In sign of farewell. “Nay,” the old man said, FAREWELL, deep valley, with thy one rude house,

“ The fragrant air its coolness still retains; And its small lot of life-supporting fields,

The herds and socks are yet abroad to crop And guardian rocks! Farewell, attractive seat! The dewy grass; you cannot leave us now, To the still influx of the morning light

We must not part at this inviting hour." Open, and day's pure cheerfulness, but veild He yielded, though reluctant; for his mind From human observation, as if yet

Instinctively disposed him to retire Primeval forests wrapp'd thee round with dark To his own covert; as a billow, heaved Impenetrable shade ; once more farewell,

Upon the beach, rolls back into the sea, Majestic circuit, beautiful abyss,

So we descend ; and winding round a rock
By nature destined from the birth of things Attain a point that show'd the valley--stretch'd
For quietness profound!

In length before us; and, not distant far,
Upon the side

Upon a rising ground a gray church tower,
Of that brown slope, the outlet of the vale,

Whose battlements were screen'd by tufted trees Lingering behind my comrades, thus I breathed And, towards a crystal mere, that lay beyond A parting tribute to a spot that seern'd

Among steep hills and woods erbosom'd, flow'd Like the fix'd centre of a troubled world.

A copious stream with boldly winding course ; And now, pursuing leisurely my way,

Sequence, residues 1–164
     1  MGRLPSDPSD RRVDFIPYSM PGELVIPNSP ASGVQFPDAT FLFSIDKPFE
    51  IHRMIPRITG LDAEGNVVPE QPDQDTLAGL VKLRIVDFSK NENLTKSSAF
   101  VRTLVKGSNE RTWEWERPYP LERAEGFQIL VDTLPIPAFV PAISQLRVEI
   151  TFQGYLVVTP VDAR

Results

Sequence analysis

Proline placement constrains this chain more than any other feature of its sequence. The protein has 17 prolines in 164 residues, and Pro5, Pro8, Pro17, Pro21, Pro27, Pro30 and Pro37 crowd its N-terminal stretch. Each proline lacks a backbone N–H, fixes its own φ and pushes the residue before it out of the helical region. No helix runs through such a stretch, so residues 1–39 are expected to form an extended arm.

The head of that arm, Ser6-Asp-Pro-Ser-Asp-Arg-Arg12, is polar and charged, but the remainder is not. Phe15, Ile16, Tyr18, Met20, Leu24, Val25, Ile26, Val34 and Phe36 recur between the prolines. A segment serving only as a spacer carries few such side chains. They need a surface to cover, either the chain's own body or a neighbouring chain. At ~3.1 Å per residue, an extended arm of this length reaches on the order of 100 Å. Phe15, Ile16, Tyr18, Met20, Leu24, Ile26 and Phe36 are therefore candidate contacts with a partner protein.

Here traceable, there hidden-there again How vain, thought I, it is by change of place

To sight restored, and glittering in the sun, To seek that comfort which the mind denies;

On the stream's bank, and every where, appear'd Yet trial and temptation oft are shunn'd

Fair dwellings, single, or in social knots ; Wisely; and by such tenure do we hold

| Some scatter'd o'er the level, others perch'd

On the hill sides, a cheerful quiet scene,
Now in its morning purity array'd.

“As, ʼmid some happy valley of the Alps,"
Said I, “ once happy, ere tyrannic power
Wantonly breaking in upon the Swiss,
Destroy'd their unoffending commonwealth,
A popular equality reigns here,
Save for one house of state beneath whose roof
A rural lord might dwell.” “No feudal pomp,"
Replied our friend, a chronicler who stood
Where'er he moved upon familiar ground,
“ Nor feudal power is there, but there abides,
In his allotted home, a genuine priest,
The shepherd of his flock; or, as a king
Is styled, when most affectionately praised,
The father of his people. Such is he;
And rich and poor, and young and old, rejoice
Under his spiritual sway. He hath vouchsafed
To me some portion of a kind regard ;
And something also of his inner mind
Hath he imparted—but I speak of him
As he is known to all. The calm delights
Of unambitious piety he chose,
And learning's solid dignity; though born
Of knightly race, nor wanting powerful friends.
Hither, in prime of manhood, he withdrew
From academic bowers. He loved the spot,
Who does not love his native soil ? he prized
The ancient rural character, composed
Of simple manners, feelings unsuppress'd
And undisguised, and strong and serious thought;
A character reflected in himself,
With such embellishment as well beseems
His rank and sacred function. This deep vale
Winds far in reaches hidden from our eyes,
And one a turreted manorial hall
Adorns, in which the good man's ancestors
Have dwelt through ages, patrons of this cure.
To them, and to his own judicious pains,
The vicar's dwelling, and the whole domain,
Owes that presiding aspect which might well
Attract your notice; statelier than could else
Have been bestow'd, through course of common

chance, On an unwealthy mountain benefice."

This said, oft halting we pursued our way; Nor reach'd the village churchyard till the sun, Travelling at steadier pace than ours, had risen Above the summits of the highest hills, And round our path darted oppressive beams.